After finishing Que Sera Sera
, I am in a bit of a drama lull, especially since I am showing The Legend
and following Hong Gil Dong
weekly, and enthusing over more than two dramas at a time takes energy. Ergo a few days to recharge.
Btw, is Kame's One Pound No Fukuin
good? I sort of haven't watched any since ep 1 but I noticed that my flist almost stopped discussing it and I know the ratings aren't great. So did it nosedive in quality, or should I continue?
So, anyway, in my little recharge period I decided to catch up with a couple dramas I started and liked but then got sidetracked from. Candidate number 1 (I watched 4 eps today): Korean-Chinese coproduction Bichunmu
(Or Bichunmoo), based on a manhwa of the same name (it was also made into a movie five or so years back).
Here is a wonderful MV for it. I dare you not to be interested:
Before I got sidetracked, I saw first four eps and liked it a lot, but then something else intervened and I put it aside. Well, now eight eps in, and my opinion is confirmed: it's lovely. If you like period dramas, star-crossed lovers, fight scenes, rebels etc etc, the drama is for you.
Actually, I think Bichunmu would make a pretty good 'crossover' intro for those on my flist who enjoyed period dramas via 'proper' historical/fantasy kdramas like The Legend, Jumong, Damo or even Hong Gil Dong, and want to find out if a Chinese wuxia drama would be their thing.
Because it's a Korean coproduction and is based on a manhwa, the plot is a lot more historical based, as opposed to pure fantasy, the fights are much more realistic (all the moves look like something a skilled fighter can do), and the love story is much more physical (well, as far as period dramas go. There has been kissing which is a huge deal for historicals. If you want skin, go elsewhere :P). However, because it's a Chinese coproduction, it does have a somewhat fairytale feel to it (rather wuxiaish, they always feel suspended in time), the pacing is more wuxiaish than period kdrama (not faster or slower, just different), there is the thread of people fighting to possess a specific martial art, and a number of secondary characters come across as wuxia types.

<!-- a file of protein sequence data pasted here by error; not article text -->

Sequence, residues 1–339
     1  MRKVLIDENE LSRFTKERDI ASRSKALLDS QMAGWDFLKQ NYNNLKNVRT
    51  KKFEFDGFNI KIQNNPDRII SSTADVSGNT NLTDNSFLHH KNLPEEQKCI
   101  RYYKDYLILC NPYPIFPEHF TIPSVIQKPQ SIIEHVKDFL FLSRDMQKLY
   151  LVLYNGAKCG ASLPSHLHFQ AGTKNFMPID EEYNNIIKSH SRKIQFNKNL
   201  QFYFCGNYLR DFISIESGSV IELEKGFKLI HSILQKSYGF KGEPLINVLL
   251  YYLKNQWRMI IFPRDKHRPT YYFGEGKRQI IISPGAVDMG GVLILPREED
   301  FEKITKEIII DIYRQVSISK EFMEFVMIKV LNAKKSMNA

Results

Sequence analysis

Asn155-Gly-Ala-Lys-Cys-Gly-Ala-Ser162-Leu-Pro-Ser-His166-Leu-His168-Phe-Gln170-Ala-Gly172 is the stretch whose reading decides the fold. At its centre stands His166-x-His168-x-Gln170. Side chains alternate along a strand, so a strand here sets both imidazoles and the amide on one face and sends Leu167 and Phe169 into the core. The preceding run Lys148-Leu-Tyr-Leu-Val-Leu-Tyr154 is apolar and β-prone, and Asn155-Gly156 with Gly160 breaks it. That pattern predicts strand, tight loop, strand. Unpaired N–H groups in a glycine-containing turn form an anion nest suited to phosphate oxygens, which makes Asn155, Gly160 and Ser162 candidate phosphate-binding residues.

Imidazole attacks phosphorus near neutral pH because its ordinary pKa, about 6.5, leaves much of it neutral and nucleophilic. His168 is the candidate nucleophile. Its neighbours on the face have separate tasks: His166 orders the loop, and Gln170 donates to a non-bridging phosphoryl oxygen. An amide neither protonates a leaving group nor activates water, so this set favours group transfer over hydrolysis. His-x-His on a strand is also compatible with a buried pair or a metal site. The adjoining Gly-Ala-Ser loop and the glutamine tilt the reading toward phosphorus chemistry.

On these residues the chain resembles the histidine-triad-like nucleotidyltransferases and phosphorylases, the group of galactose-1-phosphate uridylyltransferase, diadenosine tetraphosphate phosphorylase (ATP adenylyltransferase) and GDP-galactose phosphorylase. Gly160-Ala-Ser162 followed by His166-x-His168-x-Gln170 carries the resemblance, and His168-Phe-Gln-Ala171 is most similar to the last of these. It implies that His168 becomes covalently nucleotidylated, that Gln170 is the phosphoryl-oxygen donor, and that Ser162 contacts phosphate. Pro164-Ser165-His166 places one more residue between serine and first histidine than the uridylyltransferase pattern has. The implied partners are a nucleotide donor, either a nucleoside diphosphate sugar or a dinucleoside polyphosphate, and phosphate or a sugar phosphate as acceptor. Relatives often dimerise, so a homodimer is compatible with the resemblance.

Basically it's a good intro rather than pure wuxia like Return of the Condor Heroes
(which I adore, but that is like total immersion, you will either adore it or loathe it).
Anyway, the plot? It's a story of love found, lost, and then found again, with some kickass rebel battles and family issues thrown in. Our main characters are Jan Ho, a young man of noble Korean blood born in China who does not know of the fact, as his parents were killed when he was born (baddies wanted to acquire a priceless martial arts scroll). When he grows up with his 'Uncle' (in reality a loyal family retainer), his paths cross with Xiuli, an illegitimate daughter of a high-ranking Chinese military commander. We have star-crossed (and oh so doomed) love, we have Jan Ho presumed dead, becoming a powerful rebel leader. We have assassins, merchants, and a rather awesome 'other guy' for the heroine (a Chinese nobleman). It just plain rocks. And Joo Jin Mo, who plays Jan Ho, who goes from sweet-tempered naive boy to tormented (YES) embittered and hard rebel, is worth the price of the DVDs alone because of total hotness.
Eight episodes in, I have to admit, that I highly approve of poor Jan Ho's 'Uncle' being offed. It gave the guy a 'tude, angst, and some awesome black wardrobe. No wonder the OTP interferer girl (who I actually like. He hired himself as a bodyguard to her in order to get to the city where Xiuli is held) is gone for him: a reserved hottie in black who repeatedly saves your life and won't let you touch a woman's amulet around his neck? Yes please. Oh, and the OTP ran off and I presume had sex, too, but I feel nothing good will come of it. Some of the outlines of the story are similar to the movie btw, but not everything. They actually have seemed to fix all the story problems that bugged me in the movie (especially the wtf ending. Since the whole story starts with the last moments of the story and goes into flashback, I am assured that the movie's bizarreness doesn't happens).
Btw, the version I am watching is the Chinese release: 30 episodes, 40-45 minutes each, in Chinese (with subtitles). Korean TV recently began broadcasting the Korean version. On the plus side, you get to hear Joo Jin Mo and the leading lady's real voices as opposed to the Chinese dubs (which are excellent btw). On minus side, the Korean TV station hacked the drama down to fit the Korean TV episode numbers/standards (mainly in the first half). I will take dubbing over the cuts, thanks, but YMMV. I have the Tai Seng DVDs, and the subtitles are excellent. No idea if it's available to DL as I never looked.( Another MV )meganbmoore
, I think you'll like this.